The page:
You that are young shall never see so much, nor live so long. So you will have no idea how astonishing it is for me to see a NATO summit taking place in Vilnius, capital of Lithuania. My deepest incised memory of that complicated city is of three raw days of gunfire, terror, and lies. These took place as the supposedly liberal Soviet leader Mikhail Gorbachev made his last effort to hold on to the Baltic states by force. It was January 1991, and Moscow knew that the attention of the world was turned to the first Gulf War and Operation Desert Storm. Those reporters who, like me, saw those bloody days are still resentful that this event never received the attention it deserved and is little-remembered. But we remember it. I remember it. And here is a note to anyone who accuses me of being a Moscow stooge. You cannot begin to imagine what a stupid allegation this is, after what I saw in Lithuania on those dark days and nights.

Gorbachev, who was never at all liberal or enlightened when it came to giving up power over this key strategic zone, presumably thought he could get away with murder as the world looked the other way. And he did. His forces, including the private army of the KGB secret police, shamelessly opened fire on peaceful protestors, first at the press building and then at the TV tower. The Parliament building became a fortress (some of the giant barricades built during those desperate days can still be seen there). It was defended by fanatical patriots with makeshift flamethrowers. I used to use the phones there (it was one of the few places with telephones that could reach Moscow), and was always glad to get away, not wanting to be burned to death even in a good cause.

I thought it was over after the first clash, when the Soviet Army tried and failed to terrorize the crowd by firing (mainly) blanks at them. There were some live bullets too. In fact, this nervous action made things worse. Men and women who had stood firm as the troops loaded, aimed, and fired in their faces became utterly furious and vengeful when they realized that the Kremlin did not in fact have the nerve to kill them. I will always remember them, respectable middle-class people coming down the steps in their winter coats and hats to kick, punch, and inventively insult the Central Asian soldiers who had fired the blanks. That was on Friday.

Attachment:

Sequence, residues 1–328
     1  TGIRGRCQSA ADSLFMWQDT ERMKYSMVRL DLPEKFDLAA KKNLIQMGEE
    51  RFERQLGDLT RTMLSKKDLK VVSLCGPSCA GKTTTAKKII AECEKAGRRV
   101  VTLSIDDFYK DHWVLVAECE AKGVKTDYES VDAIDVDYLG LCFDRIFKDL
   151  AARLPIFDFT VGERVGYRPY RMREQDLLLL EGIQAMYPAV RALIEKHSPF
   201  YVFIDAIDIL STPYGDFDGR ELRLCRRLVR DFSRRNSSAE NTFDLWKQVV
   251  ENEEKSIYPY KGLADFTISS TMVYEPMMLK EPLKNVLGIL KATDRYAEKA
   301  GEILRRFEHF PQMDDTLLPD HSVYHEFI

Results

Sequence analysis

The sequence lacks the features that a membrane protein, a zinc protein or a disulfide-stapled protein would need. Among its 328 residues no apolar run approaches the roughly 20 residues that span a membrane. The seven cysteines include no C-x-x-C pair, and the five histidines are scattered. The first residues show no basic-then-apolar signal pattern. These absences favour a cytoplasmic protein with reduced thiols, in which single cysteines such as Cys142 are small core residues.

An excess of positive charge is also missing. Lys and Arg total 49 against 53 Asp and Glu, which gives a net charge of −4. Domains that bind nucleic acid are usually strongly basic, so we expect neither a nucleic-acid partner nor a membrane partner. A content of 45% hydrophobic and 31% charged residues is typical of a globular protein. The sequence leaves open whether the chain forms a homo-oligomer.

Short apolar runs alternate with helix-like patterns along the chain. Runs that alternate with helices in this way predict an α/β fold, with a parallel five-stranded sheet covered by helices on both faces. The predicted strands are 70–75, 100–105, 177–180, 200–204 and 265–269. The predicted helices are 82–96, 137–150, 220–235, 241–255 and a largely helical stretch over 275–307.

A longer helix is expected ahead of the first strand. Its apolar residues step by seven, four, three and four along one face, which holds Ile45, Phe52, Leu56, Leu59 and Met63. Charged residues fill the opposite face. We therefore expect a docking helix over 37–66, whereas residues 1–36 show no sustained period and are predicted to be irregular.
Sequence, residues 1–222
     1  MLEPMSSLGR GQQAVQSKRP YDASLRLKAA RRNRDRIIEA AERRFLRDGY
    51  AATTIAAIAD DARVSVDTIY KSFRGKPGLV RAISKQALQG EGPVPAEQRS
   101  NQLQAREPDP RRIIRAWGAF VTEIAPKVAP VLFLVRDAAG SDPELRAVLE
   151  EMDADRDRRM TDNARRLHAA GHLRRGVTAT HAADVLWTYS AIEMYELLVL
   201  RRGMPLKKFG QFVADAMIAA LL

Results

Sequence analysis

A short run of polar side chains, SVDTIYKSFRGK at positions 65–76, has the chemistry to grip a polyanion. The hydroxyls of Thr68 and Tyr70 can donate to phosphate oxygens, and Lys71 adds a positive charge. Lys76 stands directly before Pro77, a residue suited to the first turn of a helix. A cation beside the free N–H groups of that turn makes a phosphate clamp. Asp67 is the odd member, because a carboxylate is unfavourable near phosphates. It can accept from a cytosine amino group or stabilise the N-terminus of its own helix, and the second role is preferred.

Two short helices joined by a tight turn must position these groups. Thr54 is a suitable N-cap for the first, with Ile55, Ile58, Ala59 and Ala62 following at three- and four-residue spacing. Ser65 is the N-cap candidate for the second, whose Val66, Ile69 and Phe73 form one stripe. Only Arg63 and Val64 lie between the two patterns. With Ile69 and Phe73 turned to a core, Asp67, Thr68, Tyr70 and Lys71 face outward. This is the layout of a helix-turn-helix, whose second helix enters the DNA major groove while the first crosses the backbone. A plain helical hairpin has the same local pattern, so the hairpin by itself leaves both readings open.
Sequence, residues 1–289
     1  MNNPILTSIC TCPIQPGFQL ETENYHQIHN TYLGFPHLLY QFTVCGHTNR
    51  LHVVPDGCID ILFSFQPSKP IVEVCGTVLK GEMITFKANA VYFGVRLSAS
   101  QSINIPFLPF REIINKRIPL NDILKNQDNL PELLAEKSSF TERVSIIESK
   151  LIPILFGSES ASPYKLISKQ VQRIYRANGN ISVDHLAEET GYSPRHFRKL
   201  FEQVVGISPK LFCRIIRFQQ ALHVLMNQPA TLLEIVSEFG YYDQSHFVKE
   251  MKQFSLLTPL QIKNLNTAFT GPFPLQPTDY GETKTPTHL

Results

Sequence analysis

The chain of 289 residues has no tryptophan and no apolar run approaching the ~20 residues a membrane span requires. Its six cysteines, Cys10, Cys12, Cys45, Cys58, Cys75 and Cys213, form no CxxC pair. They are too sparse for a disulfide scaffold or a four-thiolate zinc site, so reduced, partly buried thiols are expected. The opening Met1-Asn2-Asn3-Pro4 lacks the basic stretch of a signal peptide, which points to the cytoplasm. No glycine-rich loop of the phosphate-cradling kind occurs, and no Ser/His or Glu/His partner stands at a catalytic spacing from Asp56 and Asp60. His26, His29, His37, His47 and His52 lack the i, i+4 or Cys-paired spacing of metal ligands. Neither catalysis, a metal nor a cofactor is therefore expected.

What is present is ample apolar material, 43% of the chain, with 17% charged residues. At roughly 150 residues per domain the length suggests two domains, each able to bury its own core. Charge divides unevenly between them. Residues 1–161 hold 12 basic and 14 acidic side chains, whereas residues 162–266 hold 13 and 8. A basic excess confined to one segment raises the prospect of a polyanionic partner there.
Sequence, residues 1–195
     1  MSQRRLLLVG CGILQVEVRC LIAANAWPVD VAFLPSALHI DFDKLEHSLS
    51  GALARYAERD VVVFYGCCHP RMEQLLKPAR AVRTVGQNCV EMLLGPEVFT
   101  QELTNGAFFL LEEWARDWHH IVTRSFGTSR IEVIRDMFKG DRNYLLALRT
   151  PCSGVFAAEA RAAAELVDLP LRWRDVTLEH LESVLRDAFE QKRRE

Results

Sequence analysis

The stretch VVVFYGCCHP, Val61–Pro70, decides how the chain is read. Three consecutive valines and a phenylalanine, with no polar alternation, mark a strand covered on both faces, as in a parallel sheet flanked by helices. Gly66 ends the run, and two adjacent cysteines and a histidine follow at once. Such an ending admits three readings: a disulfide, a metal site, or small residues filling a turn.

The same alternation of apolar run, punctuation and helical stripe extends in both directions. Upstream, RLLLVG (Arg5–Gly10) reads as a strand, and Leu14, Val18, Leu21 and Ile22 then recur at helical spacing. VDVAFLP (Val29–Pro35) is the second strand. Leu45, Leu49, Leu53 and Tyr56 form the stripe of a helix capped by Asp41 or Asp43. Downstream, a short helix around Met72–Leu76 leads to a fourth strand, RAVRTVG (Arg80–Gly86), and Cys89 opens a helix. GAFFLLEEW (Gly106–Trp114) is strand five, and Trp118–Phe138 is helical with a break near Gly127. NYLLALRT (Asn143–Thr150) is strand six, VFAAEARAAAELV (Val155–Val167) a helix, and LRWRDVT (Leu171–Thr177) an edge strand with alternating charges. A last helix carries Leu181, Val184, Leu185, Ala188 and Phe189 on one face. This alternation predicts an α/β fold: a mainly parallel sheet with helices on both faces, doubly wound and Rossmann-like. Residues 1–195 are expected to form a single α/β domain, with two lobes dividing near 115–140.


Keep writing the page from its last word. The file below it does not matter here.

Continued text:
But despite the apparent lull, we of the Western media kept watch from the top of our city-center hotel during the following nights of curfew, and wisely so, for in the small hours of Sunday the western sky glowed briefly red and an enormous rumbling boom announced a KGB assault on the TV tower. I and some colleagues hurried there, at one point menaced by tanks which actually swung their barrels round to point at the windscreen of our car. In the USSR in 1991, you did not take chances at such moments, so we braked and fell back. But we were still in time to see and hear the crackle of live bullets, for this time there were no blanks and 14 people were shot, or crushed by tanks. Ever anxious to save my skin, I lay down on my back in the snow and interviewed the protestors from a supine position, urging them in vain to follow my example. Madly brave, they remained standing as they sneered at me among the pinging bullets, “What do you think of your precious Gorbachev now?”

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